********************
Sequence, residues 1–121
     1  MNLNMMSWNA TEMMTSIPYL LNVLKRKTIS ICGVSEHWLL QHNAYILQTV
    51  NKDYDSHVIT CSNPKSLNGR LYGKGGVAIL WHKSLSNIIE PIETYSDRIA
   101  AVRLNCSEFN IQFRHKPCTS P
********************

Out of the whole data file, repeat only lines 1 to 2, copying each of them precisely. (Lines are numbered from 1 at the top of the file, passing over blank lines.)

Sequence, residues 1–121
     1  MNLNMMSWNA TEMMTSIPYL LNVLKRKTIS ICGVSEHWLL QHNAYILQTV